The impact of literacy, numeracy and computer skills on earnings and employment outcomes is a 2016 report, published by the OECD.
Using the 2012 PIAAC data, our analysis confirms that there are significantly higher earnings and employment returns to both increasing levels of formally recognised education, and to increasing levels of numeracy, literacy and Information and communication technologies (ICT) skills proficiencies controlling for the level of education.
Unsurprisingly, the labour market returns to changes in formally recognised levels of education in general exceed the labour market returns associated with increasing levels of skills proficiency. In the case of literacy and numeracy proficiencies, improved literacy and numeracy skills narrow the labour market outcomes gap between individuals with different levels of formally recognised education, but do not close it completely.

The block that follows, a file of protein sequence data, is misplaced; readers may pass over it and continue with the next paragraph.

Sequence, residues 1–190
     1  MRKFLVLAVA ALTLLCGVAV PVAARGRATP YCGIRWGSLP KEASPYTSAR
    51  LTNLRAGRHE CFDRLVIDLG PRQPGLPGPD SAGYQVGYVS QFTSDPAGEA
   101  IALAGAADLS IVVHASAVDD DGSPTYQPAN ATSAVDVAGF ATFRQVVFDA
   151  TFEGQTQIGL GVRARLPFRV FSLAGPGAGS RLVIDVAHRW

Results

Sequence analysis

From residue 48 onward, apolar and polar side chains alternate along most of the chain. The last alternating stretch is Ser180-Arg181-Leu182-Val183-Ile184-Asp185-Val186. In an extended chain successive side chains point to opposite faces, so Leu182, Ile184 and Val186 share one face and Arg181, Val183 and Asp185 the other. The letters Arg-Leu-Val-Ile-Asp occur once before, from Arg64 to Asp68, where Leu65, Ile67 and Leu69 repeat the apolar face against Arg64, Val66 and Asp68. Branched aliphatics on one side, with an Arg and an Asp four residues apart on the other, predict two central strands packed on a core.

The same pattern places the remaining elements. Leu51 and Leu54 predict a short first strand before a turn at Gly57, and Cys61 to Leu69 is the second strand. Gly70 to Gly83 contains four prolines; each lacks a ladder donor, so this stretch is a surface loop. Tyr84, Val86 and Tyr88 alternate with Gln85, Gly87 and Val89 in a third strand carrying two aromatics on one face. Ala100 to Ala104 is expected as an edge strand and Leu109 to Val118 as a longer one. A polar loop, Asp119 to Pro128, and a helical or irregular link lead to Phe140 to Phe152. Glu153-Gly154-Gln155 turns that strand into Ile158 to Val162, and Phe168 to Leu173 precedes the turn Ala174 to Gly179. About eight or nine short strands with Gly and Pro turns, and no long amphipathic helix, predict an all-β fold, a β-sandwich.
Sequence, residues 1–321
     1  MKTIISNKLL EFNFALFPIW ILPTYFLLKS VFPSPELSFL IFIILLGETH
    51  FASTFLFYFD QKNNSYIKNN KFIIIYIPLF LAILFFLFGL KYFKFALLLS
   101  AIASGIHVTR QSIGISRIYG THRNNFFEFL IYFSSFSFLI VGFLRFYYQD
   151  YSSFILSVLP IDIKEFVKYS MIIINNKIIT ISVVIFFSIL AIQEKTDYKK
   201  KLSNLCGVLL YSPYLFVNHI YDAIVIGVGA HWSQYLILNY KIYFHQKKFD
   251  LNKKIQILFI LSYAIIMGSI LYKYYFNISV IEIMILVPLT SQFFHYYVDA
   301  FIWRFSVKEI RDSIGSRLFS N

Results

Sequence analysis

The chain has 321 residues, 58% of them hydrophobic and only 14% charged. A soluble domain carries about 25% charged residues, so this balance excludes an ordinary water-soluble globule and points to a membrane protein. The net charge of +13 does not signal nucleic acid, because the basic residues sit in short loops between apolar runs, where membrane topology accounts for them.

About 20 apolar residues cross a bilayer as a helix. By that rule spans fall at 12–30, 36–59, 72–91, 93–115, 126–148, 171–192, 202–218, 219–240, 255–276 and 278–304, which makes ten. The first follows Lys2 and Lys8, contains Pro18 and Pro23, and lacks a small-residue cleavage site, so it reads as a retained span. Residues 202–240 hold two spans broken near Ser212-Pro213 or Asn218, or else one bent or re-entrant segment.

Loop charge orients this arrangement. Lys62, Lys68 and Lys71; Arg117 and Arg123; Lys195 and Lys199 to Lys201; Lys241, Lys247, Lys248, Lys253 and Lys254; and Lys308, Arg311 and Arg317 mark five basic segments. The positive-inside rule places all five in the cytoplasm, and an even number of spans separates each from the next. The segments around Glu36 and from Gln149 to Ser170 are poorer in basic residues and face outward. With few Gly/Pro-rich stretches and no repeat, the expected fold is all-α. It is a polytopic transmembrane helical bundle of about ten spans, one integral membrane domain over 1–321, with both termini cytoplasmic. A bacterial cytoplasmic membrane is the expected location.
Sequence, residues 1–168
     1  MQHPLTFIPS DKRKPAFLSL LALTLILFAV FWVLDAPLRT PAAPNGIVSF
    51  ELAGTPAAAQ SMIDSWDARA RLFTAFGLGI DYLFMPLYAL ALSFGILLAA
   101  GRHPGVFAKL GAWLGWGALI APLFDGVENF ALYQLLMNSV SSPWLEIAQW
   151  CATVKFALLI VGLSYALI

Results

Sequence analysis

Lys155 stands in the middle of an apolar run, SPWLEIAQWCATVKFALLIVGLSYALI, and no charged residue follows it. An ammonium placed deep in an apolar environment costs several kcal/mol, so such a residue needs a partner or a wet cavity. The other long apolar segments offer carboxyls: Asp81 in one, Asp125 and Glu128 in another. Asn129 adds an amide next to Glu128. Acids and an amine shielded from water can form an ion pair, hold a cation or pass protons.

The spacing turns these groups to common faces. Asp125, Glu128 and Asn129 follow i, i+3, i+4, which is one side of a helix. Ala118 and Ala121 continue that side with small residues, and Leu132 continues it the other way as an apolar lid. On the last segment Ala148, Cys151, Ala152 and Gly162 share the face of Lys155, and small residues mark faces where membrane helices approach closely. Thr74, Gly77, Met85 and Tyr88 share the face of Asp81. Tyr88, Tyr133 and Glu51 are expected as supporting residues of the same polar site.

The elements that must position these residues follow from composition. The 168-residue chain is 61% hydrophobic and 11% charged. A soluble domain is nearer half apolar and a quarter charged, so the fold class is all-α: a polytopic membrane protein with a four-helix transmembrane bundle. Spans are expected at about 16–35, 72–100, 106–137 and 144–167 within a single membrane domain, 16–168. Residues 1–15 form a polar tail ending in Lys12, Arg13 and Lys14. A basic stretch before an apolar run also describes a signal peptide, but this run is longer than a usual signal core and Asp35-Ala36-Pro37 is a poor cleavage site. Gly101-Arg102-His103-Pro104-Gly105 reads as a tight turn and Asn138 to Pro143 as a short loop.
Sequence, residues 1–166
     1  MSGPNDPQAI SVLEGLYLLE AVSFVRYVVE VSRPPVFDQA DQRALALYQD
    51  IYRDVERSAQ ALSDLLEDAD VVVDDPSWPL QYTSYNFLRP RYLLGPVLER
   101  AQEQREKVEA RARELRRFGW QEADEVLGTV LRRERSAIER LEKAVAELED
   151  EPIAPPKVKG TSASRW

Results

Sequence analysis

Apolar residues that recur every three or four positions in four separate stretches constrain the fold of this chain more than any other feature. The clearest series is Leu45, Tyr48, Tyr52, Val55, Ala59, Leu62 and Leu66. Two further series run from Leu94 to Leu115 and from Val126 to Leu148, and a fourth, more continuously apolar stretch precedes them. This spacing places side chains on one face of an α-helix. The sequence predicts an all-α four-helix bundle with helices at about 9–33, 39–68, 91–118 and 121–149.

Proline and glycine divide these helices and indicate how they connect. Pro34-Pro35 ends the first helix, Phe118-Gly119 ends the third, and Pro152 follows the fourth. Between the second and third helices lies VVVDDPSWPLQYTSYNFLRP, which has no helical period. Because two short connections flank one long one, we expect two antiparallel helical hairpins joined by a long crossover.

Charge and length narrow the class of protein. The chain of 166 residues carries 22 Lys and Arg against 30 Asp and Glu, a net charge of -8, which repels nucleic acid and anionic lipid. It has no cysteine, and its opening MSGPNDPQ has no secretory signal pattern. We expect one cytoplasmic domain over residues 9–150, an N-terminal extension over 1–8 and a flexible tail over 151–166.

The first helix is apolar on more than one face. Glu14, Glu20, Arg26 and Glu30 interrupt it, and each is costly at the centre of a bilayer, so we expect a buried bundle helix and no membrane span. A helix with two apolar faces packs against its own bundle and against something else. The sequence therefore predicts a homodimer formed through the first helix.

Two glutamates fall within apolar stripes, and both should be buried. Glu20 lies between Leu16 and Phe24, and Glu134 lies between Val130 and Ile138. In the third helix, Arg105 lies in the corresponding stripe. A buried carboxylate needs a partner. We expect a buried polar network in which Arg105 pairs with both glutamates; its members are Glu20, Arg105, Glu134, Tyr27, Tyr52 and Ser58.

Did you know that the number of PhD graduates rose by 68% between 2002 and 2011?
According to a recent report by the Conference Board of Canada, there were 6,219 grads in 2011 and more than 47,600 students enrolled in various PhD programs.
The report goes on to look at employment and associated issues since there are more grads and employment in academia.
Please note: the database (mentioned above) is licensed, and is accessible to Carleton University Students, Staff & Faculty.
(Source: Ottawa Citizen)
New to the collection: government publications published by the OECD.
1. The contribution of mutual recognition to international regulatory co-operation.
2. Encouraging Increased Climate Action by Non-Party Stakeholders.
3. Making Integration Work: Refugees and others in need of protection.
4. Measuring Labour Market Security and Assessing its Implications for Individual Well-Being.
5. Mind the skills gap! Regional and industry patterns in emerging economies.
6. Public-Private Partnerships for Agricultural Innovation: Lessons From Recent Experiences.
7. Reshoring: Myth or Reality?
8. Social Costs of Morbidity Impacts of Air Pollution.
9. Using Outcome Indicators to Improve Policies: Methods, Design Strategies and Implementation.